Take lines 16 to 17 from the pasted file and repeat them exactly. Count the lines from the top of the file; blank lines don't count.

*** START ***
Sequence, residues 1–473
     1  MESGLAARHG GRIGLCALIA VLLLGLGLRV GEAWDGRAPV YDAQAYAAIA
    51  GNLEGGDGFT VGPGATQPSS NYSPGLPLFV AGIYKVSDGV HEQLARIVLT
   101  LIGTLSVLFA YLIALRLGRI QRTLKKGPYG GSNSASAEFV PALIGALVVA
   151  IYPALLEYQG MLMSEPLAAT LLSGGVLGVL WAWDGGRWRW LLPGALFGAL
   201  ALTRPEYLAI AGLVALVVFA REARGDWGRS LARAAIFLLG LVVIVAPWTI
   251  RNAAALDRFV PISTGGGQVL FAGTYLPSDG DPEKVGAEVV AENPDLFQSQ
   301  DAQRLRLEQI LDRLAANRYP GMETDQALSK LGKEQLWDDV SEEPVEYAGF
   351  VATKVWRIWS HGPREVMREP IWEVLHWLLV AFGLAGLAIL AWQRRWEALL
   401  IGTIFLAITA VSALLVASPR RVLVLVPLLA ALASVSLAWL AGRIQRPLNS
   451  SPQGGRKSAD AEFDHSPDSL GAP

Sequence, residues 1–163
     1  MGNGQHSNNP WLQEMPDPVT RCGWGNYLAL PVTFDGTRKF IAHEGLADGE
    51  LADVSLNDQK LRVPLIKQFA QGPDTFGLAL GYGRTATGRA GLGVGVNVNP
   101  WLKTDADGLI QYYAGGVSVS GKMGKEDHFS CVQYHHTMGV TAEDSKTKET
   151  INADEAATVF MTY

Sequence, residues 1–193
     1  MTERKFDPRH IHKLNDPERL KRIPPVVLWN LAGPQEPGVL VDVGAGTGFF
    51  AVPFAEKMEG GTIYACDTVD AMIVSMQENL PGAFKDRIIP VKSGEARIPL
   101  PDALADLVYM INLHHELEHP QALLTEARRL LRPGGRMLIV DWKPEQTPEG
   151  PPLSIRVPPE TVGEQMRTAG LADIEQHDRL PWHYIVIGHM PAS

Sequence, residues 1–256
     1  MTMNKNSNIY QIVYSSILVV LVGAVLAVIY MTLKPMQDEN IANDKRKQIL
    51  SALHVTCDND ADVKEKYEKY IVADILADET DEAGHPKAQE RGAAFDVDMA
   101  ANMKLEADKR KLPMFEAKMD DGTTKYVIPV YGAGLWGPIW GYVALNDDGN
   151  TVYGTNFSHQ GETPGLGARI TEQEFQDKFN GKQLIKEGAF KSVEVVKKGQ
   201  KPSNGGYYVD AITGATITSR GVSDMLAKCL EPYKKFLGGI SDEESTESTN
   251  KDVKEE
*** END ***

   151  INADEAATVF MTY

Sequence, residues 1–193